The Men in Sheepskin Coats
The postmaster of Gimli, Manitoba, is named Tudni Thorsteinsen. He is an old man now, with curly gray hair, a face which may properly be called beautiful, and fine, clear eyes.
He has held his official position for fifty years, since he came to Canada from Iceland. His daughter does most of the work at the post office now, and this gives him time to complete his memoirs. He writes them on a typewriter in the Icelandic language and then translates them into English. When you sit in his little house, across the village street from the new brick post office, and listen to him read the records of Gimli, you can still see in his old eyes some of the immigrant's lust for land, for settlement, for crops, for building. In this neat and shiny sitting room you can see, as well as anywhere, how the blood of foreign races has been poured into the earth of Canada, and guess that in time it will grow a new race here, indigenous to this country, against all calculations and against all race prejudice.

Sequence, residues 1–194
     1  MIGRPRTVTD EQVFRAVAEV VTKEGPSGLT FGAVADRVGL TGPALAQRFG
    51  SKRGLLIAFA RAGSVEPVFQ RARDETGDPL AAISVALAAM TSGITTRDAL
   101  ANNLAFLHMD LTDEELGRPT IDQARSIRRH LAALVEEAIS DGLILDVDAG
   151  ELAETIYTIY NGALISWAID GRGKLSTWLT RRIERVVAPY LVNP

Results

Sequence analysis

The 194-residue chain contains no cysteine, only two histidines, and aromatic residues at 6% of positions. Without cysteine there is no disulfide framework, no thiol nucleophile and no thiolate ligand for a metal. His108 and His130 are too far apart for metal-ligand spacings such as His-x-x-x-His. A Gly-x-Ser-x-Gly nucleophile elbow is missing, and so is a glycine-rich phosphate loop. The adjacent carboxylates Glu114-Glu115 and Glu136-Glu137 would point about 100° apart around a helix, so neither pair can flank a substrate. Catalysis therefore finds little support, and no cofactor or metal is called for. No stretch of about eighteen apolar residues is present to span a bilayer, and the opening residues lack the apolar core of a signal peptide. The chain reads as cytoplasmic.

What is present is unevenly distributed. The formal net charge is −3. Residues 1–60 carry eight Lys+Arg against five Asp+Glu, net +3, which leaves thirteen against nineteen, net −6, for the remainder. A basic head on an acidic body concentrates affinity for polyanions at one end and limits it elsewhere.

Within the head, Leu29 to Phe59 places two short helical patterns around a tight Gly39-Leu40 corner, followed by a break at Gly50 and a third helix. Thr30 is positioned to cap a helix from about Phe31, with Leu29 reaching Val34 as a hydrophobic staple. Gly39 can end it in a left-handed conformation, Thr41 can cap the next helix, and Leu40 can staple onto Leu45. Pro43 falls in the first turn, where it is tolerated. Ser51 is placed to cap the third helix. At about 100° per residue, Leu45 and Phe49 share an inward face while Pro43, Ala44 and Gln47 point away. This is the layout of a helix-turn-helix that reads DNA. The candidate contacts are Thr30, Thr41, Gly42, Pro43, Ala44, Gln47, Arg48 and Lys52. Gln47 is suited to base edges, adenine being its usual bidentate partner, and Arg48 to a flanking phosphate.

At Gimli everybody is Icelandic. The old folks speak only the language brought with them from home. At the refuge for the aged down the street only one inmate can speak good English. But the younger folks understand both tongues, and many of them have succeeded in the business, professions, and politics of Winnipeg. Two of them have gone to Oxford as Rhodes Scholars, one into the Canadian government.
Mr. Thorsteinsen is proud of his people and sets down their record faithfully on his little typewriter. Meticulously, as if